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Celebrating British Science Week - Part 1

  • 04/03/2021 16:56:00
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Celebrating British Science Week - Part 1

This week (5th – 14th March) is British Science Week! To celebrate, we want to spend the week highlighting the amazing staff at BSAVA HQ who help to make everything happen for you!

To start with today we’re focusing on some of our Woodrow House team members. There’s around 40 of us in total meaning we have a large array of different backgrounds. Let’s meet our first few team members…

CamCameron Shuttlewood

Position at BSAVA: Desk Editor

What is your scientific background?

I gained my BSc(Hons) degree in Animal Behaviour and Welfare from UWE Hartpury in 2015. Prior to university, I always adored biology and picked every scientific subject I could at school, including three sciences and maths for A-levels (maths was a mistake).

How does your background tie in with your role at BSAVA?

Uni taught me how to write succinctly and to critically assess everything. It also exposed me to a new language that was very similar to that of vets. My grasp of biology basics and genuine interest in the texts we produce have made the role very rewarding. It also helps that I'm naturally pedantic.

How did you first become interested in your subject area/veterinary science?

I've always been fascinated by animals and how things work, so of course I aspired to be a vet for a time. During work experience with a local Animal Welfare Officer, I was enthralled by the Animal Welfare Act and read it from cover to cover. That probably started me down the path of a less messy career.

What are your biggest achievements?

I am incredibly proud that my undergraduate dissertation became an article in Human Dimensions of Wildlife. This was made possible by my wonderful tutors and co-authors, Tamara Montrose and Phillip Greenwell. My second biggest achievement is probably blagging my way to Desk Editor at the BSAVA.

Luisa DormerDormer-Luisa

Position at BSAVA: Scientific Editor        

What is your scientific background?

I have a BSc in Bioveterinary Science and an MSc in Veterinary Epidemiology. I have worked in epidemiology and scientific communication roles for both government and non-governmental organisations.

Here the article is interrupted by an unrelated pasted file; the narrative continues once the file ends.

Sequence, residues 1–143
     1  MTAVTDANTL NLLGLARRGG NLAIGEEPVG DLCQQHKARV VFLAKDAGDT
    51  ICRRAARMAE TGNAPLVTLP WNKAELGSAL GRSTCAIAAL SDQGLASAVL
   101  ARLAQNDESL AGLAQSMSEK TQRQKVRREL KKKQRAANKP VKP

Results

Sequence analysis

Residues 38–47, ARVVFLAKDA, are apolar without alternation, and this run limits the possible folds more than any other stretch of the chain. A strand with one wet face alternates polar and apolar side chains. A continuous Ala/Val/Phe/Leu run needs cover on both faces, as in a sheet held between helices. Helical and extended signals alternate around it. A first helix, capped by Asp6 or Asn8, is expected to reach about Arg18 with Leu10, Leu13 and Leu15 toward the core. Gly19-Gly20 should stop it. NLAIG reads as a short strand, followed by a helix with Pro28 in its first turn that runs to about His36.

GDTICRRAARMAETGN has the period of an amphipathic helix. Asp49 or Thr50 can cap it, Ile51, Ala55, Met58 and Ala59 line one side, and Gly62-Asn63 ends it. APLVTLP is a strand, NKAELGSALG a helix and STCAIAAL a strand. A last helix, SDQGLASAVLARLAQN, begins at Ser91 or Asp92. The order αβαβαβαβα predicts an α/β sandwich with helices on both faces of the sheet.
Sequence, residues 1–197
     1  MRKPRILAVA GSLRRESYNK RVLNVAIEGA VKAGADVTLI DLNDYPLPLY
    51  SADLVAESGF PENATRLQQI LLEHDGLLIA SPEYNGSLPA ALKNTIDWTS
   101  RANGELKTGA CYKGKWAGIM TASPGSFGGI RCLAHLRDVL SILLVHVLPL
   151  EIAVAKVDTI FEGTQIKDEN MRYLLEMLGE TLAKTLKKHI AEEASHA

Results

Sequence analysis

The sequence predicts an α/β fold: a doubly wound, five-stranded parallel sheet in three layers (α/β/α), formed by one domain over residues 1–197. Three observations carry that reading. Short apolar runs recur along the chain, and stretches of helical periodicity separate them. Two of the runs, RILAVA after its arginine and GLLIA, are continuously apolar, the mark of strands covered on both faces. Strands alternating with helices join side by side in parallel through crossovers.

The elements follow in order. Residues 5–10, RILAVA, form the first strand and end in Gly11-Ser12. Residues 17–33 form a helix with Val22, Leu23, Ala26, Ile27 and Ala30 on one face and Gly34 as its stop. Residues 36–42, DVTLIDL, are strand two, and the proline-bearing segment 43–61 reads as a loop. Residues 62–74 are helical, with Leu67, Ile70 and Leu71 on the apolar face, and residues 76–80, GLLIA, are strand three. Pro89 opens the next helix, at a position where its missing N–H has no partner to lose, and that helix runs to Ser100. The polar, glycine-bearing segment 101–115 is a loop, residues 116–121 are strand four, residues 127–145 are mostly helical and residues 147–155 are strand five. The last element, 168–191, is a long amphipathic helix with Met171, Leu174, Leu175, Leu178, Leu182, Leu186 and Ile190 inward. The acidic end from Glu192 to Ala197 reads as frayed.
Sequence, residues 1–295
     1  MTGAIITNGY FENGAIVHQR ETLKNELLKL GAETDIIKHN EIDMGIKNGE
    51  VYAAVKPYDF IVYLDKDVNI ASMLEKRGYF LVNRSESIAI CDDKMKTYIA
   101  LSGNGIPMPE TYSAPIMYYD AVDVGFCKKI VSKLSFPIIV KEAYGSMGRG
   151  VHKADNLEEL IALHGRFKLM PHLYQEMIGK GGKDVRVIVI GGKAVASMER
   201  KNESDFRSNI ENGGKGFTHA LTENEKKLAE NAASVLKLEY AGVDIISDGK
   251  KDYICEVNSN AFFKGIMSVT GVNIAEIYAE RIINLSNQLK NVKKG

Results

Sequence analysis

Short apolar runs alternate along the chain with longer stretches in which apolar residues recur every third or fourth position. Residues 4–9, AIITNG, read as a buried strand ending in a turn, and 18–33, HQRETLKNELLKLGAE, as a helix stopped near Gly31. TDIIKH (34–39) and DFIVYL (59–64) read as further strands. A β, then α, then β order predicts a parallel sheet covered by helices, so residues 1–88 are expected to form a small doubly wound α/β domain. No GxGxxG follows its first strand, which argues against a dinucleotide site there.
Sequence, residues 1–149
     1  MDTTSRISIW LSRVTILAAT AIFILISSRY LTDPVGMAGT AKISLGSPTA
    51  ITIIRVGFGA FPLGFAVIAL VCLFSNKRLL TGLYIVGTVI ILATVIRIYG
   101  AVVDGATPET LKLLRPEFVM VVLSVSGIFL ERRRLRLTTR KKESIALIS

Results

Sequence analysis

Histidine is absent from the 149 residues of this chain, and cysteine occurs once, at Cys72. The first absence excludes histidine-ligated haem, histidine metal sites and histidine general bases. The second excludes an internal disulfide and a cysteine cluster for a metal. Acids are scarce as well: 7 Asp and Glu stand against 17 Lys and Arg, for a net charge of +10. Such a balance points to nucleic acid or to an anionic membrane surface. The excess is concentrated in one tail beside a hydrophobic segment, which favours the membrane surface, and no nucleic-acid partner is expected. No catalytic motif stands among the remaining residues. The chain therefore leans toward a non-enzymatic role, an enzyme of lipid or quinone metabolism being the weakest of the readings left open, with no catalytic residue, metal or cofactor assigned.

How does your background tie in with your role at BSAVA?

Part of my role at the BSAVA includes dissemination of scientific information to the BSAVA membership and wider veterinary profession. As a result, I spend a lot of my time reading & critically appraising research articles. Through my MSc, I gained a strong understanding of study design & statistical analysis. Once I have identified and appraised relevant research, I then find the most appropriate way of communicating this information with members.

How did you first become interested in your subject area?

I’m very much a ‘details’ person – I really like to get down to the nitty-gritty! Epidemiology allows you to understand study design and to interpret data derived from different study types. I really feel as though this understanding allows me to read between the lines when I’m reading & appraising research papers.

After my MSc, I went on to work in a couple of different research roles which I really enjoyed, but I felt as though we were missing a trick by thinking that the job was done once the paper was published in a journal. I quickly became aware that sometimes the ‘end user’ may not have access to this information, and this is when I became interested in scientific communication.

What are your biggest achievements?

Gaining my MSc; the course was fantastic but challenging, so I was very proud to graduate!

SW_cropSarah Williams

Position at BSAVA: PetSavers Coordinator   

What is your scientific background?

I have a BSc in Biological Sciences and a PhD in Human Genetics. My PhD thesis investigated the use of non-viral gene delivery systems to develop ex vivo gene therapy for the inherited skin disorder epidermolysis bullosa. I then worked as a postdoctoral researcher on regulation of the gene that is mutated in cystic fibrosis. 

How does your background tie in with your role at BSAVA?

As well as working for BSAVA, I am also a science editor for a company that helps scientists who do not speak English as a first language to publish their work. This has given me great insights into the ways of thinking of many different audiences, and how best to communicate clearly with all of them. My background has also instilled in me the need for good organisation, which certainly helps me keep on top of spinning the many plates involved in the day-to-day life of PetSavers!

How did you first become interested in your subject area?

I have always been fascinated by the natural world and grew up mesmerised by David Attenborough documentaries. At various points in my past, I wanted to be a vet, a marine biologist, and an environmental lawyer before becoming a geneticist, but the common themes of science and learning more about the world always shone through.

Although I really liked the hands-on aspect of research and the knowledge that my work was helping to make a difference in science and medicine, the part that I enjoyed the most and found myself best at was communicating that enthusiasm to others. This is one of the areas that I am most keen to pursue within PetSavers – spreading the word about the great work achieved through our grant funding.

What are your biggest achievements?

Reaching the final of the UK Young Science Writer of the Year award several years ago with an article on genetic variation in the evolution of spoken language. I was also immensely proud of myself for completing my PhD after my supervisor left the country to establish a new research group!


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